Thursday 02.20 GMT
Asian markets tracked Wall Street lower on Thursday after Donald Trump’s tax reform proposals failed to excite US investors.
The S&P 500 closed down 0.1 per cent on Wednesday after Mr Trump outlined plans for a reduction in the corporate tax rate from 35 per cent to 15 per cent, and offered a one-time tax cut on overseas profits to encourage companies to repatriate profits held outside the US.
In Asia, Japan’s Topix index was off 0.2 per cent with Tokyo-based messaging app Line falling as much as 10 per cent after the company missed operating profit estimates.
In Sydney the S&P/ASX 200 was flat with the energy sector falling 2.3 per cent as Santos and Origin Energy tumbled after Australia announced gas export restrictions. Santos fell as much as 7.7 per cent and Origin slipped as much as 3.6 per cent.
Hong Kong’s Hang Seng index was down 0.2 per cent. A single bright spot was the financial sector, which was up 0.3 per cent as insurer AIA rose 5.4 per cent after reporting a 53 per cent year-on-year jump in new business for the first quarter.
The Shanghai Composite and Shenzhen Composite were down 0.6 per cent and 0.8 per cent respectively.
The dollar index measuring the greenback against a basket of peers was down 0.1 per cent after climbing 0.3 per cent on Wednesday.
Japan’s yen was 0.2 per cent weaker at ¥111.25 per dollar ahead of the Bank of Japan’s interest rate decision on Thursday, with the central bank expected to keep its policy on hold.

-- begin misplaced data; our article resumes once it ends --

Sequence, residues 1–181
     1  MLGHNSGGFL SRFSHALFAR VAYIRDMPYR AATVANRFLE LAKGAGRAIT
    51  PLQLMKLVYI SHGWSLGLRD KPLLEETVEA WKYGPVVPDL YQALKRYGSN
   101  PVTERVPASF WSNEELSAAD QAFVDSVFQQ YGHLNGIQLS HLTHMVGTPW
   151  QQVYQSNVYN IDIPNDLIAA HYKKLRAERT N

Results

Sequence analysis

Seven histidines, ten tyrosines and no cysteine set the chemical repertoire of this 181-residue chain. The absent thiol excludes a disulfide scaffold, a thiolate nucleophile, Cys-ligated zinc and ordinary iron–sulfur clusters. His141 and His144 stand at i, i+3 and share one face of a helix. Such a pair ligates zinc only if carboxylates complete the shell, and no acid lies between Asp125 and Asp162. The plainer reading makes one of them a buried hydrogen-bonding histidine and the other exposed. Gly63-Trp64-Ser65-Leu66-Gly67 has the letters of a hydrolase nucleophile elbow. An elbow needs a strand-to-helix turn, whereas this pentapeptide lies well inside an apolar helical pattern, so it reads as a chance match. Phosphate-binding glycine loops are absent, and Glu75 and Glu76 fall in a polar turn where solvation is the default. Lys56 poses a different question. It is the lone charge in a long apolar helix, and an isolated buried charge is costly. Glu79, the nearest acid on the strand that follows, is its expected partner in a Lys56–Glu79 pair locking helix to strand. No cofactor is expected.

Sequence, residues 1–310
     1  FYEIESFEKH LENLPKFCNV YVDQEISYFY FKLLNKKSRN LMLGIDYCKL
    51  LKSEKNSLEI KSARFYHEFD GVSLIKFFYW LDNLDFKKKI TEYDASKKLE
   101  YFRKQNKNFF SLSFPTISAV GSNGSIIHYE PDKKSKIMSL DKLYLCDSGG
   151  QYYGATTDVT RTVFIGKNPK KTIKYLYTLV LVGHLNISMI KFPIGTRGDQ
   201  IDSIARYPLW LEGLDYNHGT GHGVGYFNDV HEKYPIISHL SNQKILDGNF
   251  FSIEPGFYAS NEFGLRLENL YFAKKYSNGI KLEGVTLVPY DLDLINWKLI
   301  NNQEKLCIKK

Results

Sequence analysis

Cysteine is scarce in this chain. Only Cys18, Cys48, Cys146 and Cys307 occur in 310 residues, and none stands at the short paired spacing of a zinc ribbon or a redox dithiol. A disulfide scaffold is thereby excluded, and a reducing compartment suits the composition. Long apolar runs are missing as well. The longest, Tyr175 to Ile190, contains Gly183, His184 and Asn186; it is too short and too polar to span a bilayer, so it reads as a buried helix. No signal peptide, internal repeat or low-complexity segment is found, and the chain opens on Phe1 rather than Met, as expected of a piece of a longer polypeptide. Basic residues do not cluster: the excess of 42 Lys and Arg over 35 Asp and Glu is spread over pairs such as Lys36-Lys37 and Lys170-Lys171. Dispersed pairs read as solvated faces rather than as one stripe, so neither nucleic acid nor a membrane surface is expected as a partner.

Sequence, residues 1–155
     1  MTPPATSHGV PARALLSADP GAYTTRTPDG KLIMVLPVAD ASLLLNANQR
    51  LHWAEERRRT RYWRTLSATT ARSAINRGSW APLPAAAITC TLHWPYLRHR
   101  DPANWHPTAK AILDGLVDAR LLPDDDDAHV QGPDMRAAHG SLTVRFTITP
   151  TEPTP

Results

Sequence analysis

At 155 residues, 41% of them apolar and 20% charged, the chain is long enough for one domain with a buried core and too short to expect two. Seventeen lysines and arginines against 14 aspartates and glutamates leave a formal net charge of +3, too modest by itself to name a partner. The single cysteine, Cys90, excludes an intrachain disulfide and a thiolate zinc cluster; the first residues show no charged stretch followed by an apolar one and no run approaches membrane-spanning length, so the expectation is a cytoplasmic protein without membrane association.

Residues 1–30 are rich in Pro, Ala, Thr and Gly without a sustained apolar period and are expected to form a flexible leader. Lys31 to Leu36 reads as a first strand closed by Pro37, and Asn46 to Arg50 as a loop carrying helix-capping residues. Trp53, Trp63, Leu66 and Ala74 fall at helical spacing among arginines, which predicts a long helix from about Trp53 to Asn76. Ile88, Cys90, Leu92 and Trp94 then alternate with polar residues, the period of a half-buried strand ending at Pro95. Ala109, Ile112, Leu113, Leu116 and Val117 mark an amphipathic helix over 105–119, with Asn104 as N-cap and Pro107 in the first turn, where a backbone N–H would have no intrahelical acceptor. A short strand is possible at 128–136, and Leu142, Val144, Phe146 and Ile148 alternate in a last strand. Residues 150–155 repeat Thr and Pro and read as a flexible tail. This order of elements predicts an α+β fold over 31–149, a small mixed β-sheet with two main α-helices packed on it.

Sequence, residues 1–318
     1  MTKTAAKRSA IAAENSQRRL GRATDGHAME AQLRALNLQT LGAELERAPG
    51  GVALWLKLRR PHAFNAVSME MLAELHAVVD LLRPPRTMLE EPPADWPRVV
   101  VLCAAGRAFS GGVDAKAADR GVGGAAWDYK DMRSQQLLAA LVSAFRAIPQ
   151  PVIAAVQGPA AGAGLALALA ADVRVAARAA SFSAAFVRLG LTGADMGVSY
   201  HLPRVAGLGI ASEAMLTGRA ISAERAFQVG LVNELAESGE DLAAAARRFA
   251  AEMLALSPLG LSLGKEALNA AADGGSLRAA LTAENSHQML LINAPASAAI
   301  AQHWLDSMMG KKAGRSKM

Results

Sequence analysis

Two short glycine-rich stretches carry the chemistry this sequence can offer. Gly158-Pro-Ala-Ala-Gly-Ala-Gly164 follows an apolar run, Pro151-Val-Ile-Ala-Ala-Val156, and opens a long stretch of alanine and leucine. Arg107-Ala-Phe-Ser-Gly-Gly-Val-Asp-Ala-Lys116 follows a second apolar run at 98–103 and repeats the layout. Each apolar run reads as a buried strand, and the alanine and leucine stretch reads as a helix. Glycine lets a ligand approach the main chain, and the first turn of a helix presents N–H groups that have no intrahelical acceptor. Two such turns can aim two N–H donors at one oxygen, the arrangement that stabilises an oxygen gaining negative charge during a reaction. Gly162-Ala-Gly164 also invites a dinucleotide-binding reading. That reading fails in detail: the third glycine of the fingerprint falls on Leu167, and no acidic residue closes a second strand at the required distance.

The South Korean won was 0.5 per cent weaker at Won1,130.60 per dollar. Nonetheless, data released by the Bank of Korea on Thursday showed that the country’s gross domestic product expanded 0.9 per cent in the three months to March quarter-on-quarter.
The yield on US 10-year Treasuries rose 1 basis point to 2.311 per cent after slipping 2bp on Wednesday.
Oil prices fell following the release of data from the Energy Information Administration that showed US inventories of crude fell by a larger than expected 3.6m barrels in the week to April 21. Analysts are looking for further signs that Opec’s production cuts are having a tightening effect on the market.
International benchmark Brent was down 0.4 per cent at $51.61 a barrel, while US benchmark West Texas Intermediate fell 0.5 per cent to $49.37 a barrel.
Gold was 0.2 per cent weaker at $1,266 per troy ounce.
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